WILKES-BARRE–Boardmem-bers of the Luzerne County Con- vention and Visitors Bureau areanxious to meet with the county manager next week to discuss thelocation of the bureau office andotherissues.County Manager Robert Law-ton is considering having the bu-reaumovefromitsleasedlocationat56PublicSquareinWilkes-Barretoacounty-ownedfacilitysuchasa vacant office at the county recre-ationcomplexinFortyForttosavemoney. The bureau leases office spacefrom Frank Henry and Associatesfor $16,560 annually and rentsparkingspacesforitsfouremploy-ees at a rate of $600 quarterly, ac-cordingtoanauditbycountyCon-troller Walter Griffith. The leaseexpiredinDecember2002andpay-ments have continued month-to-month. The bureau is funded largel witha20percentshareofthecoun-ty hotel tax, which netted the bu-reau$480,130inoperatingrevenuein 2011. Funding from the county general fund was cut in half last year,to$40,000.Griffith recommended the bu-reau obtain acurrentlease orcon-siderrelocatingtheofficetocoun-ty-ownedproperty.Healsorecom-mendedthebureauconsiderusing parking available at the county-ownedlotonEastMarketStreetattheMarketStreetStationcomplex. The bureau board had put off lease renewal because plans hadbeen in the works to move the of-fice to the Market Street Stationcomplex after the county redevel-opmentauthoritysecuredfunding torenovatetheformertrainstationthere. But county council nixedthat plan last month after Lawtonrecommended against spendin$2millioninfederalfundsonreno- vations.Lawtonearlierthisweeksaidthepossible relocation of the visitorsbureau and a planned swap of theassessor’s and sheriff’s offices arepart of a larger initiative to locatecompanionofficestogetherandre-duce the county’s reliance onleasedspace. The assessor-sheriff switch wasrecommended to Lawton by thecounty record improvement com-mittee, which is evaluating officelocationoptions.
Boardhasit’sownideas
 While such moves might makesense for most county offices,members of the Convention andVisitorsBureauboardbelievethereismoretoconsiderthancostwhendeterminingtheofficelocation.“Tobehonest,Idon’tknowthat you’re going to find a better placethanthecurrentlocationonPublicSquare,saidboardViceChairman TedPatton.“Asfaraswalk-intraffic,ifit’snothere, or not downtown some- where, I really don’t know wherethey could put it that would be asbeneficial to the agency. I thinktheywouldlosetheabilitytohavepeople walk in,” said Patton, vicepresident,corporatetraffic,fortheMartz Group, which is owned by theHenryfamily.At a meeting last month, boardmemberJohnMaday,membershipservices coordinator for the Grea-terWilkes-BarreChamberofBusi-ness and Industry, said he appre-ciatesbeingabletosendcorporateand other visitors to the chamberacrossPublicSquaretothebureauformaterialson recreationaloffer-ings.Board member Rob Belza saidhe thinks the current location of thebureau“isgreat.WhatplaceismoreprominentinLuzerneCoun-tythandowntownWilkes-Barre?…MostpeoplecomingintoLuzerneCounty seem to migrate to thesquare.”Belza,directorofcorporatesalesfor the Wilkes-Barre/ScrantonPenguins, said a prominent placeon Public Square is an “ultimately better”locationfortheoffice,“butif budgets are forcing people’shands,theymightneedtoconsidersomethingelse.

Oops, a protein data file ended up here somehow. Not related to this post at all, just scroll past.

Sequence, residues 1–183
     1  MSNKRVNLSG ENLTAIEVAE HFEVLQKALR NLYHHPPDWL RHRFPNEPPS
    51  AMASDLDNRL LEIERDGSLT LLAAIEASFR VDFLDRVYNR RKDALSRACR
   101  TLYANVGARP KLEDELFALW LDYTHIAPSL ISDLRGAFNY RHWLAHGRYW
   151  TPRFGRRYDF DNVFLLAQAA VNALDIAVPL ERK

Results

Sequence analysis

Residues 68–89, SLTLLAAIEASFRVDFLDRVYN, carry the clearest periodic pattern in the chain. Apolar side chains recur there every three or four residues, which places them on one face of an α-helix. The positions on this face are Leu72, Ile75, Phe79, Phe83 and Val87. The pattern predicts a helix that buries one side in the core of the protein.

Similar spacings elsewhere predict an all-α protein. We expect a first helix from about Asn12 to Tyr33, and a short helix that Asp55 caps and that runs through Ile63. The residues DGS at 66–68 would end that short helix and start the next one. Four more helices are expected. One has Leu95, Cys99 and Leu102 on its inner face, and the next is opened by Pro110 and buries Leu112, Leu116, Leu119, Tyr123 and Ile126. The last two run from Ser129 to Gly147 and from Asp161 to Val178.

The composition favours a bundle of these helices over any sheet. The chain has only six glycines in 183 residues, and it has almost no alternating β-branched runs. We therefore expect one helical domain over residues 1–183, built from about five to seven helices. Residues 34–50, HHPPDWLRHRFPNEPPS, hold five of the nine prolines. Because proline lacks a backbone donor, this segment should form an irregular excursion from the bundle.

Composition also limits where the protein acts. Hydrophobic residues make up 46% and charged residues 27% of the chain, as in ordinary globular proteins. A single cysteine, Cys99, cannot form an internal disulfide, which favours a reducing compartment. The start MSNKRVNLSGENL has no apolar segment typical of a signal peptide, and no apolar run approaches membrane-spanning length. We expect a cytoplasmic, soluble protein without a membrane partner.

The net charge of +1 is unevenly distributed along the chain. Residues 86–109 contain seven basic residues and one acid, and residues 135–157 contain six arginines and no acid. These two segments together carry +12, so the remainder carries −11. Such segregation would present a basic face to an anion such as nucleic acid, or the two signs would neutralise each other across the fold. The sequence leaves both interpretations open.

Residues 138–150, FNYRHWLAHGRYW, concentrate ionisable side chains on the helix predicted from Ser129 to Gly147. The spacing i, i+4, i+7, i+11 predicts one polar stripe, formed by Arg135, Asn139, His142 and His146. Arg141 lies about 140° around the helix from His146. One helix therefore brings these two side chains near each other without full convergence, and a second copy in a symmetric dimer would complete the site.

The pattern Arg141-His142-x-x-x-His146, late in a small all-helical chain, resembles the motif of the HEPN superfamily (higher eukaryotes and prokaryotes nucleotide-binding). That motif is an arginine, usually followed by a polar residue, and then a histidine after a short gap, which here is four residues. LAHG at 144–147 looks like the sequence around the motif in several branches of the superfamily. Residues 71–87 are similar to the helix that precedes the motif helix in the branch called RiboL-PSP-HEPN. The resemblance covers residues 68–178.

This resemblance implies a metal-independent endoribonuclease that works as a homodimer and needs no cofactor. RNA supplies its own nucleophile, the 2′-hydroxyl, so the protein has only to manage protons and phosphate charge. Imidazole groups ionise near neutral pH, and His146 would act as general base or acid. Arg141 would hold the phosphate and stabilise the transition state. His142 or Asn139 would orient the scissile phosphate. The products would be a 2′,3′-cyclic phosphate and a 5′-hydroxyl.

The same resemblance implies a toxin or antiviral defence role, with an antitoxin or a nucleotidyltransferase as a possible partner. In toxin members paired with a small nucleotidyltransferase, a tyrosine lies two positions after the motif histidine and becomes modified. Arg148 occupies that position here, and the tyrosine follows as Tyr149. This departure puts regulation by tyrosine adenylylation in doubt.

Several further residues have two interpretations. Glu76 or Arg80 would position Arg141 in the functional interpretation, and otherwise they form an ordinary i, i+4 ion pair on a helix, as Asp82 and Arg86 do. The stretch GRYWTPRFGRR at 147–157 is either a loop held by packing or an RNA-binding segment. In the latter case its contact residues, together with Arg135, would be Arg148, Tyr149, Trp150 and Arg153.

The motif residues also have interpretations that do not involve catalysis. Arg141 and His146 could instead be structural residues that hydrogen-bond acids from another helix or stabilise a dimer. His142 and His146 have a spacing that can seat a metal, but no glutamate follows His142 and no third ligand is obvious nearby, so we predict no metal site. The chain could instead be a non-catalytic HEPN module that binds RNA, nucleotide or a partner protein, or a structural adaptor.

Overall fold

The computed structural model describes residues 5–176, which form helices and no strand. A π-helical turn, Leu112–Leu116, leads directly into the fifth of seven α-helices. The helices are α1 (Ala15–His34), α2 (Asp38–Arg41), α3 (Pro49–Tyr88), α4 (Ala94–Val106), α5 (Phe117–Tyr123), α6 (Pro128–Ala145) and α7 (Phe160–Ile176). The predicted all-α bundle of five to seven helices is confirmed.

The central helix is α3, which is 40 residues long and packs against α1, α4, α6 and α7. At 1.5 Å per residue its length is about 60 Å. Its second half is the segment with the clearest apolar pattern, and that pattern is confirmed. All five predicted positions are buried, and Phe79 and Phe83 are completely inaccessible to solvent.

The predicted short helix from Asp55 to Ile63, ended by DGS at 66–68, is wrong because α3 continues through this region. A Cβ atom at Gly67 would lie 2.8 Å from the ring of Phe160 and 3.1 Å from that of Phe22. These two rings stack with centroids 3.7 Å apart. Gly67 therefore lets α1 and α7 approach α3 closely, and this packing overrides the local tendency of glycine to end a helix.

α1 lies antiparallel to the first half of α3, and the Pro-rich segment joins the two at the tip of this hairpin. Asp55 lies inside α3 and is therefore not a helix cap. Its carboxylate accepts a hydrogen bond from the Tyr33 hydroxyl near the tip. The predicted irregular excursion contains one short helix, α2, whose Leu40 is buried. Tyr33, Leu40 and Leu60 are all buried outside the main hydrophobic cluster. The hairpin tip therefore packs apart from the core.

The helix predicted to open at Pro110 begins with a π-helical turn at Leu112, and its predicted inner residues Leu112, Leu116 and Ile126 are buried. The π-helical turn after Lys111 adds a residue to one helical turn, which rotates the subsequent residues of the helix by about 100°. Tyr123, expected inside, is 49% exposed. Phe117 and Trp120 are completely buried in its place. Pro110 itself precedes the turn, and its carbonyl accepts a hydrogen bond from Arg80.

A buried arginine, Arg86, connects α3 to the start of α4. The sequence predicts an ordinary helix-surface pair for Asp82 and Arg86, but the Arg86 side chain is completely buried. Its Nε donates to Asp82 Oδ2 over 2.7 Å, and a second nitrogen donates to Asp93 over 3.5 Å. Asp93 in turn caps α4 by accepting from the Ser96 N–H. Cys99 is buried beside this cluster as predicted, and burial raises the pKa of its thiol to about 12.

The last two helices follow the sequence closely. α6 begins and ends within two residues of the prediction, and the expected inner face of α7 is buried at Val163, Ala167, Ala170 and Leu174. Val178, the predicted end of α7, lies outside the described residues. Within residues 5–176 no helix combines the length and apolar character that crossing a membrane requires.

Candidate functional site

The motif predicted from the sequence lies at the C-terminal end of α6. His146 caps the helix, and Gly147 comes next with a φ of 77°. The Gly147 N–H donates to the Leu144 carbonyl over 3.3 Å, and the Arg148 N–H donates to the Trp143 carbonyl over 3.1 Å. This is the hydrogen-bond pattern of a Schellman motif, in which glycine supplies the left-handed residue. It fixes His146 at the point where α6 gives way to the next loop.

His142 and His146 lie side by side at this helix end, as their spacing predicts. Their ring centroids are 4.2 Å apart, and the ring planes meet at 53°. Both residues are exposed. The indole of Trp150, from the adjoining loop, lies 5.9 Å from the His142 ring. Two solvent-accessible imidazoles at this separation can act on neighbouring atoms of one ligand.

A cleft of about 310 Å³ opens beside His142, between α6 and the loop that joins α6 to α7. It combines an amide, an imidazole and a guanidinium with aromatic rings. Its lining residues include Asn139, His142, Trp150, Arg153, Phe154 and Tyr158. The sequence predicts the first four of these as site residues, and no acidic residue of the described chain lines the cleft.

Location,location,location
DonnaPalermo,chairofthebu-reau’s board of directors, said any convention and visitors bureaushould be “in a central locationthat’s readily available (to touristsand other visitors) and easy tofind.”Palermo, president of the Grea-ter Hazleton Chamber of Com-merce,notedthatthebureauoncehadanannexinHazleton.“Iwouldlovetohaveanotheran-nex in our downtown. Budget- wise, I don’t know if that will hap-pen,butit’soneofthegoalsIwouldliketosee,”shesaid.BoardmemberGusGenettisaidhethinksLawtonisdoingthe“best job he can under trying circum-stances,” but he was “disappoint-ed” when Lawton advised county councilnottospendfederalmoney to refurbish the former train sta-tion.“Ihopeinthefuturethatcanbereconsidered,”saidGenetti,ownerof the Best Western Genetti Hotel&ConferenceCenteronEastMar-ket Street. But in the meantime,“Public Square is not a bad loca-tionforthebureauoffice,hesaid.Attempts to reach board mem-bersBobBorwickandKellyNova-kowskiwereunsuccessful.Boardmembershavesaidthatinadditiontodiscussingthelocationofthebureau,theyarelookingfor- ward to discussing the role of theboardofdirectors,theimportanceoftheworkofthebureauinincreas-ing tourism in the county and fos-teringeconomicdevelopment,andfinancial oversight issues broughtupinGriffith’saudit.Lawtondidnotreturnmessagesseeking comment that were left with his secretary on Wednesday andThursday.
Visitors bureauponders move
Board wants to meet withcounty manager on his idea tomove from Public Square.
BySTEVEMOCARSK
 smocarsky@timesleader.com
Visit the website of the LuzerneCounty Convention and VisitorsBureau at www.tournepa.com.
O N T H E N E T
DAY TO HONOR OLD GLORY 
AIMEE DILGER/THE TIMES LEADER
B
oy Scout Connor Gaffney,14, and Elk members Joseph Brojakowski and Philip Kolen-dowicz change the U.S. flag outside of the Elk Lodge109 in Pringle after a Flag Dayceremony on Thursday.
Nanticoke fire displaces residents
DON CAREY/THE TIMES LEADER
Firefightersfrom
severalcommunities worked quicklyWednesday to contain a fireat a double block house at63-65 W. Grove St., Nanti-coke. The rear of the struc-ture was gutted, said Nanti-coke Fire Chief Michael Bo-han. Two boys were home inthe 63 W. Grove St. side ofthe building and escapedwithout injury, said Bohan.The residents on the otherside, Richard and JenniferBonk and their child, werenot home. Bohan said atleast six or seven people aredisplaced by the fire. Thecause is under investigation.“I’ve already contacted(Pennsylvania state policefor a fire marshal),” saidBohan.